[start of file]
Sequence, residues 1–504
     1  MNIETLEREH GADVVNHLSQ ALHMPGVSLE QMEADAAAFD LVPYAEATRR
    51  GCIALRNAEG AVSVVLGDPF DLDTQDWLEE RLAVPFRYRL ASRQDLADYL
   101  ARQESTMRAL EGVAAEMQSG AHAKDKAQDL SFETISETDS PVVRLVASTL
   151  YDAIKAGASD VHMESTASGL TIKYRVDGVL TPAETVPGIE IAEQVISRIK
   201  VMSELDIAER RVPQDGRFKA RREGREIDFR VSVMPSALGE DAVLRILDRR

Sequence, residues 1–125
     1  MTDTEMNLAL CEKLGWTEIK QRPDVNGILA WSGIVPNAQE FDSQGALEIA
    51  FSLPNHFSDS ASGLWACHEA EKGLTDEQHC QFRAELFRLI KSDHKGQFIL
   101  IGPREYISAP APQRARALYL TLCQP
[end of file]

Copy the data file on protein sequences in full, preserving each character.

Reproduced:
Sequence, residues 1–504
     1  MNIETLEREH GADVVNHLSQ ALHMPGVSLE QMEADAAAFD LVPYAEATRR
    51  GCIALRNAEG AVSVVLGDPF DLDTQDWLEE RLAVPFRYRL ASRQDLADYL
   101  ARQESTMRAL EGVAAEMQSG AHAKDKAQDL SFETISETDS PVVRLVASTL
   151  YDAIKAGASD VHMESTASGL TIKYRVDGVL TPAETVPGIE IAEQVISRIK
   201  VMSELDIAER RVPQDGRFKA RREGREIDFR VSVMPSALGE DAVLRILDRR

Sequence, residues 1–125
     1  MTDTEMNLAL CEKLGWTEIK QRPDVNGILA WSGIVPNAQE FDSQGALEIA
    51  FSLPNHFSDS ASGLWACHEA EKGLTDEQHC QFRAELFRLI KSDHKGQFIL
   101  IGPREYISAP APQRARALYL TLCQP